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Dzhinchveladze v. United States

February 21, 2007

YALENA DZHINCHVELADZE, PETITIONER,
v.
UNITED STATES OF AMERICA RESPONDENT.



The opinion of the court was delivered by: Loretta A. Preska, District Judge

OPINION AND ORDER

Petitioner Yalena Dzinchveladze ("Petitioner") seeks, by a petition pursuant to 28 U.S.C. 2255, to vacate the judgment of conviction entered against her on August 25, 2006. For the following reasons, this petition is denied.

BACKGROUND

A. Petitioner's Criminal Conduct

Petitioner was one of approximately fifteen defendants who were arrested in connection with various fraudulent activities that were being conducted at certain corrupt medical clinics engaged in the treatment of no-fault insurance claimants in New York State. The scheme involved large-scale fraud, totaling over $6 million, and involved the participation of several groups of co-conspirators. (PSR ¶ 27).*fn1

Owners of the management companies that ran the medical clinics found the locations at which to open medical clinics; rented or otherwise obtained equipment that was placed at the clinics; found a licensed doctor under whose name they opened and operated the clinics; hired individuals who represented themselves to be doctors, chiropractors, acupuncturists, physical therapists and others to staff the medical clinics; hired administrative staff as receptionists, bookkeepers, filing clerks and billing consultants; employed 'runners' who referred patients to the medical clinics; and, on rare occasions, dealt with patients." (PSR ¶ 28).

"While the owners of the management companies who operated the medical clinics often became involved in processing the false and fraudulent claims that were submitted to the insurance companies for reimbursement for treatment that was either not performed or was not necessary, other individuals employed or hired by the owners also were involved in the process of creating the claim forms and submitting them to insurance companies. (PSR ¶ 29).

The success of the fraud scheme relied heavily upon the use of people known as "runners," who staged fake accidents involving "patients," who had volunteered to be passengers in the vehicles which were involved in the staged accidents. The clinic owner generally paid the runners approximately $2,000 for each of the "patients." The runners then paid the "patients" an agreed-upon amount, typically about $200; the "patients" were then required to go through a series of unnecessary medical procedures performed by doctors, therapists and technicians at the medical clinics, or simply signed documents certifying that medical treatment was received. While the owners generally dealt directly with the runners, other members of the administrative staffs of the clinics also dealt directly with the runners and were aware of the fraudulent nature of the treatment provided to the "patients" at the various medical clinics. The clinics and doctors earned profits by billing the insurance companies for medical treatment that purportedly was performed on patients who were never actually injured. (PSR ¶ 30).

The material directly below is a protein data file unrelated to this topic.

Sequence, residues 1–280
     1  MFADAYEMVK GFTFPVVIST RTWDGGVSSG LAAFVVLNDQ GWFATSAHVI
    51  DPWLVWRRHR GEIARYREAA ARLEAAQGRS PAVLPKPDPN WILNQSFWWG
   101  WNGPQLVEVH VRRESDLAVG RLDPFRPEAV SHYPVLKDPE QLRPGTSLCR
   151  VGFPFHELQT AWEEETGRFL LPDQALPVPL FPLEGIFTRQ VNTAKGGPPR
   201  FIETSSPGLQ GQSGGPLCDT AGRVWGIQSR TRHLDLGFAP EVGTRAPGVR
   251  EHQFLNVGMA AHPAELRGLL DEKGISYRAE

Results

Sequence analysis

The fraud scheme also involved accidents that were not actually staged. In those cases, the runners located people who had been in accidents where little or no bodily injury had actually occurred and "coached" the victim on what injuries to report to the doctor at the clinic. As a result, the accident would be billed as a large medical claim, with extensive, but unnecessary, treatment from a network of clinics and doctors, all of whom ultimately would be paid by the insurance companies. Billing was also submitted to insurance companies for visits and procedures that never occurred. (PSR ¶ 31).

Petitioner was an office manager and bookkeeper at 52 & 2 Medical Premises, one of the corrupt medical clinics involved in the scheme. Between March and October 2002, a cooperating witness and several undercover police detectives made repeated visits to the medical clinic during which they obtained medical treatment even though they were not injured. (PSR ¶ 51). During these visits, the cooperating witness and the undercover detectives observed that Petitioner was involved in all aspects of the operation of the 52 & 2 Medical Premises, and that she had frequent and continuous contact with all patients and employees at the 52 & 2 Medical Premises. (PSR ¶ 62).

Specifically, on March 6, 2002, when the cooperating witness first went to the clinic, he was met by Petitioner. Petitioner brought the cooperating witness to various doctors and therapists at the 52 & 2 Medical Premises. Petitioner also gave the cooperating witness approximately twenty documents to fill out, including a personal information form, an attorney authorization form, a no-fault insurance form, an authorization to release information form, and an authorization for treatment of a child form, even though there was no indication that any care of a child was involved in the cooperating witness' case. One of the practitioners that the cooperating witness saw on that first day was an acupuncturist who attempted to treat him with invasive acupuncture needles. When the cooperating witness refused the acupuncture treatment, the acupuncturist told him that he needed to use needles in order to bill the insurance companies for the treatment. When the cooperating witness continued to refuse treatment, Petitioner intervened and said that she would handle the problem and that they would try to work it out. Petitioner told the cooperating witness that he had to return for additional treatment the very next day. (PSR ¶ 63).